• Thanks for your feedback @MuhammadYusuf. Consider what you might do differently as a result of what you have learnt in week of this course.

  • The way an organization communicates about change and the words and images it chooses to represent transformations is important. What is said about change is one thing but to whom and how it is said is just as important. Central to this is framing and rhetorical crafting. Framing is the management of meaning and connecting messages with the needs and interests...

  • Good point @HansGNedden - stakeholders views and positions will vary over time. Some may leave the change project, some may leave the organisation, and some new stakeholders may join the organisation and the change project. So stakeholder analysis needs to be an activity which is done frequently during a transformation.

  • Thanks everyone for your comments and responses. The majority of you have analysed the stakeholders in the correct way which is outlined below. Now consider how you will use the stakeholder mapping exercise in practice. Remember stakeholder mapping is something that needs to be regularly reviewed throughout an organizational transformation as stakeholders will...

  • Good point @LenetteT - thanks for sharing

  • There are some really good responses here which outline the key stakeholders. Change can only be achieved if stakeholders – those affected by organizational change –- are given a chance to engage with it. When organizations are faced with the prospect and speed of change, they often fail to include relevant people. It is, however, important to ensure...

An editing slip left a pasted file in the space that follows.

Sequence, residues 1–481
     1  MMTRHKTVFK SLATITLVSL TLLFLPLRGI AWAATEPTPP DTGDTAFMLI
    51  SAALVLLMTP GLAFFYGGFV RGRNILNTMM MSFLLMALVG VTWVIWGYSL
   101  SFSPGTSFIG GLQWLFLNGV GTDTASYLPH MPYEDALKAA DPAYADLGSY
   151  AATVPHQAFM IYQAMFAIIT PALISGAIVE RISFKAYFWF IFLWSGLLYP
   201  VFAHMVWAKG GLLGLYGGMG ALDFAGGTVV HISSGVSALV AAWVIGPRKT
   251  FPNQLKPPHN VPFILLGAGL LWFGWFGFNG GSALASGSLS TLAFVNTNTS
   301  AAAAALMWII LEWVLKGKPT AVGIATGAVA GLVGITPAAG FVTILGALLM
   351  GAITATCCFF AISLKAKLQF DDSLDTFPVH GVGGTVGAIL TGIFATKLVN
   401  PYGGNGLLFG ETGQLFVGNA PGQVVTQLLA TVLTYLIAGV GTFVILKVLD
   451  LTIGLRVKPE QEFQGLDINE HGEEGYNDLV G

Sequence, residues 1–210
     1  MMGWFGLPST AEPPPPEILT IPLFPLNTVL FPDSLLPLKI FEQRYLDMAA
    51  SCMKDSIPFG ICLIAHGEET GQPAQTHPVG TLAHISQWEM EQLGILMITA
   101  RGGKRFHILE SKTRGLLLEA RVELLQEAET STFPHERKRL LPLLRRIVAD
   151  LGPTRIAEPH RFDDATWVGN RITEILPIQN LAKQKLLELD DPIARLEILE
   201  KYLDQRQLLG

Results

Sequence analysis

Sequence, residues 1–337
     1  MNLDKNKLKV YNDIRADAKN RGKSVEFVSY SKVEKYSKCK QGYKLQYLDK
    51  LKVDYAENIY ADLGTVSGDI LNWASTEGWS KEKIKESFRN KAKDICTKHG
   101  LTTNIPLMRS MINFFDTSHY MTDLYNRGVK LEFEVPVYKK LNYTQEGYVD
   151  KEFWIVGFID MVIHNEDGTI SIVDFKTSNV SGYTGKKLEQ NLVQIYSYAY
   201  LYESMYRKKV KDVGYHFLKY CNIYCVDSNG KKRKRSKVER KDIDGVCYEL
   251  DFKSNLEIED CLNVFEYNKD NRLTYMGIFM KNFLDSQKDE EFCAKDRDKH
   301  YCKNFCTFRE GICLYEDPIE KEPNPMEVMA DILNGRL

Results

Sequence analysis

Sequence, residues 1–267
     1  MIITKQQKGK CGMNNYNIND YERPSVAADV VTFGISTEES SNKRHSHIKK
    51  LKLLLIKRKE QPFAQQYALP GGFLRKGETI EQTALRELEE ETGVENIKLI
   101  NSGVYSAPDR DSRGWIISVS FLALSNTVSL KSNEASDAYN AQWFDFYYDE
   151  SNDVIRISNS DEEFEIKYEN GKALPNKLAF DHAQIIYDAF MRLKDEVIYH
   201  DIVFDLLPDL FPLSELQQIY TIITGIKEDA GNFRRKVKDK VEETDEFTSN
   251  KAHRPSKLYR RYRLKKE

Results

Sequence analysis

• Good point about stakeholders @ZoeMay which we will explore later in this course.

  • Thanks @JillCartledge Like your point about benefits bringing people along on the journey. One way to do this is to involve individuals/teams in identifying how they will translate the benefits into their own personal/team objectives and how these objectives will be measured.

  • Thanks @LaraOdetoyinbo It is also worth doing an impact analysis before a change starts to identify the overall impact of it.

  • Thanks @MatthewForward you outline a comprehensive approach for planned change. I would also add feedback and evaluation as of importance.

  • @HansGNedden - good point benefits are tangible and intangible. From your experience how have you measured the intangible benefits?

  • @JaneHodgson @JohnTurner - the challenge is to identify what will change - what will people be doing differently, saying differently, how will they be behaving differently. Measuring the people element is often about measuring the application of new skills, ways of working, team working and so on. As always the old adage 'what gets measured gets done' is...

  • Thanks @JaneHodgson You raise a really good point about the need for evaluating change. Evaluation is an ongoing process which begins when a change process starts. How are you measuring the 'cultural' stuff you mention?